Is Microsoft bankrupt?greenspun.com : LUSENET : TB2K spinoff uncensored : One Thread
From the Spotlicht front page. www.spotlicht.org
Microsoft is incurring massive losses and only by "accounting illusions" is it able to show a profit. What would happen to Microsoft's stock price if the public suddenly realized that the Firm LOST $10 Billion in 1999, rather than EARNING the reported $7.8 Billion?
Microsoft has more than 6 Billion shares outstanding. A drop of only one dollar in the Microsoft stock price drops that market value by 6 Billion dollars. When Stockholders discover Microsoft's fraud, there will be a massive selling of the stock, setting off a Stockmarket crash!
-- Market watcher (firstname.lastname@example.org), March 23, 2000
spotlicht.org doesn't work
-- Buddy (email@example.com), March 23, 2000.
-- Flash (firstname.lastname@example.org), March 23, 2000.
M'soft is bankrupt in more ways than simply financial. That happens when you become not just the big gorilla on the block but the ONLY gorilla. The creativity of the late 70's and early 80's was squashed by this gorilla and the results are increasingly evident. I know where I don't "want to go today."
-- PhoeeyOn (M'softTheBig@Gorilla.com), March 23, 2000.
A highly questionable source of information, in my opinion.
Here's another story by spotlight.org:
-- Buddy (email@example.com), March 23, 2000.
Speaking of Microsoft, I hate Windows 95, Word 97, etc., I would like software that is just a simple writing program--for instance text for articles with out all the whistles, bells, burps, and talking paperclips that Microsoft has. Does anyone have any suggestions? Sure would appreciate any help.
I came from an old DOS computer to Microsoft and it has been difficult.
-- gilda (firstname.lastname@example.org), March 23, 2000.
Yes, if they changed the accounting rules, MS would be broke. So would a lot of other companies. What is the point of such speculations? They see a loophole allowing them to pay their employees with stock options instead of money, and they took it.
Gilda, try using just WordPad. I use it for a lot of minor stuff.
-- Paul Davis (email@example.com), March 23, 2000.
I am using a word processing program by MicroVision, Word Express 2.02. It is compatible with Windows 95 and 98. I really like it. I do not have a Microsoft word processing program on my computer. MicroVision has a web site and they have good technical support.
-- Nadine Zint (firstname.lastname@example.org), March 23, 2000.
Gilda, by an iMac. They are wonderful! Mac had Windows 89, before Microsoft even thought about Windows 95.
-- ... (...@...com), March 23, 2000.
Yes, Microsoft is bankrupt. It's pretty complicated the way these things happen. Billy boy took all the profits and put it in his bank, so the company has none in theirs.
-- Hawk (email@example.com), March 23, 2000.
No, Microsoft is bankrupt because they spent all their money on Y2K remediation, not just for themselves, but for all of their hardware and software partners in order to prop up the entire computer industry. Then they had to spend more money to remediate all of their competition, lest they be accused of monopolistic practices. Finally, they took care of all the third world countries that supposedly did no remediation so that all would be well on Jan 1. They managed to get just about all of it done, only missing a few oil wells and some chips in a couple of MD-80 series airplanes. No big deal.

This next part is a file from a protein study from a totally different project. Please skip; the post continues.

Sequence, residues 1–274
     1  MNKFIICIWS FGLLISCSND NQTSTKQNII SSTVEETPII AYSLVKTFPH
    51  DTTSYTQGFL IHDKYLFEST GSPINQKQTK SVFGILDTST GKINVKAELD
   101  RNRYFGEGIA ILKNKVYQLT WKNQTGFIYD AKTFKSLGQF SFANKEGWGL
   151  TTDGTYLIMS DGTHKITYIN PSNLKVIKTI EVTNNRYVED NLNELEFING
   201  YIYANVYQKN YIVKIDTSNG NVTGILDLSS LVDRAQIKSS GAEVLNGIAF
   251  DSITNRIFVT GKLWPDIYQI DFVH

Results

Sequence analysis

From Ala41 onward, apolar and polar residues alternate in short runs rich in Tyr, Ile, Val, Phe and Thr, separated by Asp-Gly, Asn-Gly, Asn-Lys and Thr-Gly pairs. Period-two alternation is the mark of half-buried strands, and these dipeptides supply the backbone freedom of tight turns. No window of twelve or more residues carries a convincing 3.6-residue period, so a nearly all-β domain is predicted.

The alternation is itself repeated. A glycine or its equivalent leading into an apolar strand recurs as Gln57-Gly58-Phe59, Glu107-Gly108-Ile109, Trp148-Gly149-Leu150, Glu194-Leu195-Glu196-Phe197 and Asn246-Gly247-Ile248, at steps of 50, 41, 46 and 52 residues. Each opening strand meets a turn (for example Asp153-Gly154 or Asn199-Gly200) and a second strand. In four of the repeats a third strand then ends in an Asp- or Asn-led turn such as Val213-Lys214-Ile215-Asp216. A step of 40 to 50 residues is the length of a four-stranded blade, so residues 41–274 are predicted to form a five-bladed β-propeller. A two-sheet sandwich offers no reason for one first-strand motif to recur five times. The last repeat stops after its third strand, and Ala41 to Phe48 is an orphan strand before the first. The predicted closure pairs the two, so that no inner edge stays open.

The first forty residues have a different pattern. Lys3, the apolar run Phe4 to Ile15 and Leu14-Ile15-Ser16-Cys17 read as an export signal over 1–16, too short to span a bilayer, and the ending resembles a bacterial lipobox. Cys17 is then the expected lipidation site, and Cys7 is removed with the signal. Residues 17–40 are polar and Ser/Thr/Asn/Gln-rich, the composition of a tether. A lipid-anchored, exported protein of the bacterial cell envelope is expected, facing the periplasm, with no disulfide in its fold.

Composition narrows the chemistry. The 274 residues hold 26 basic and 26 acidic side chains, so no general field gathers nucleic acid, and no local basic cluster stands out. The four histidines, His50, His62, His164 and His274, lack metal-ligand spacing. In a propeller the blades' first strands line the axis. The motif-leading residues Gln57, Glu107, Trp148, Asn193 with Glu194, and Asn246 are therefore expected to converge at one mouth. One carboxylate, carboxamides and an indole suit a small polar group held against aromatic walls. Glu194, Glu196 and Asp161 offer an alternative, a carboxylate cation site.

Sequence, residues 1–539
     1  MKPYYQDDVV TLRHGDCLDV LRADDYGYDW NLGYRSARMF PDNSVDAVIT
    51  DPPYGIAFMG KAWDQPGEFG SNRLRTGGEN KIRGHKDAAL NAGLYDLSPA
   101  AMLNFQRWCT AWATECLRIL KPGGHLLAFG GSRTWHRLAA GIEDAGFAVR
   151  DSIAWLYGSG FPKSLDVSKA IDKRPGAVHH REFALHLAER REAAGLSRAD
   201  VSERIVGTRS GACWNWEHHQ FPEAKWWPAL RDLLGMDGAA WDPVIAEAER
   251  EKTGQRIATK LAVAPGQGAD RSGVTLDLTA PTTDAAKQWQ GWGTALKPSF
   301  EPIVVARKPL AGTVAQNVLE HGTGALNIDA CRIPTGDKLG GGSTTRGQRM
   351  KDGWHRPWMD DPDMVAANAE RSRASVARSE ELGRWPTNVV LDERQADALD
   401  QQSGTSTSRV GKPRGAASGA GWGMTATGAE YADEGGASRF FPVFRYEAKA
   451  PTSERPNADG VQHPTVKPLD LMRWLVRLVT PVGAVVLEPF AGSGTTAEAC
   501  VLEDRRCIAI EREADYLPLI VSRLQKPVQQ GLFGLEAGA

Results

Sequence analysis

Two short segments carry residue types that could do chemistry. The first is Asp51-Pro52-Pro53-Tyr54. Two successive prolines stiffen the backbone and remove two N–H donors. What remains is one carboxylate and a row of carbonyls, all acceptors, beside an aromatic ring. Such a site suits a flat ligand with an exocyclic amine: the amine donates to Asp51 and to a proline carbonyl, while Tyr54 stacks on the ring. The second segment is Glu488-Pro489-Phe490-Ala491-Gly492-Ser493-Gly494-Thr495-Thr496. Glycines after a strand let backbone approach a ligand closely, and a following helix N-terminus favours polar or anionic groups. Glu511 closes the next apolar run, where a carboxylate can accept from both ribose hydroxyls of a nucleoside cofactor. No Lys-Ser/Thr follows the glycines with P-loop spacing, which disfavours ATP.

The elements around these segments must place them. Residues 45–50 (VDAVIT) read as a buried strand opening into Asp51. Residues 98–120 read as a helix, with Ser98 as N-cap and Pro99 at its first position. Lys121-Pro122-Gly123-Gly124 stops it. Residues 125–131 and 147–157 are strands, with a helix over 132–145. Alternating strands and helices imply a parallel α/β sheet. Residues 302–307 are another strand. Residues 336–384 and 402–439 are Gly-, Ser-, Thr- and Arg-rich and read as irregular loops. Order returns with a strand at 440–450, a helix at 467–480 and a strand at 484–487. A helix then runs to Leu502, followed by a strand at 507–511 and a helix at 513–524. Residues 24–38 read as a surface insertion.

-- (firstname.lastname@example.org), March 23, 2000.
If Microsoft EVER goes bankrupt, it certainly won't be because *I* didn't help them stay solvent. I hardly have any software that ISN'T microsoft's.
Yes, Gilda...definitely use Word Pad for non-formal needs. You can even save it into a Word document if you like.
No doubt the other editors are fine, but when a client wants to see my resume, he/she expects it in WORD...NOT Wordperfect, or anything else...JUST WORD. Of course this assumes you E-mail your resume. Once in place, resumes are rarely updated, and updating is quite easy.
Contrary to what others have said, I've had Microsoft software running on my machine for 4 years without one hitch. I never had to reboot due to the software, and I've oftentimes used the machine 12 hours or more straight for telecommuting to a client's site.
-- Anita (email@example.com), March 23, 2000.
As long as you keep an MS OS away from any kind of complex networking environment, it will be fairly stable. Put the darn stuff on a network, and weird things begin to happen.
NEVER run Novell Client32 unless you absolutely have to. It simply cannot be removed completely from the system. You will wind up reformatting that machine to get rid of it.
-- Paul Davis (firstname.lastname@example.org), March 24, 2000.
A lot of it too seems to do with questions like - where did you get the computer? Who installed the operating system and the programs? Did they include the latest patches for the programs (important with Office 97!) and for Windows? Latest drivers? Was it a clean install or an upgrade to a previous OS (usually a formula for disaster) What type of hardware is it - generic clone, poor quality or good quality? or proprietary? No-name clones from a trusted builder (or build it yourself) seem to be best. The worst problems I've seen with Windows 9X are on machines with proprietary hardware such * NEC/Packard Bell * - nightmare city. Or any machine with AOL installed. :^)
WordPad is great for lots of basic tasks! A minor nit about it is you can't have more than one doc open at the same time.
Often MS products can be a dream and wonderfully stable. What sometimes seems to happen is that once they start going downhill for whatever reason, it snowballs because you have GPFs, rebooting without proper shutdown, file corruption and eventually a fine mess.
What do you want to reinstall today?
-- Debbie (email@example.com), March 24, 2000.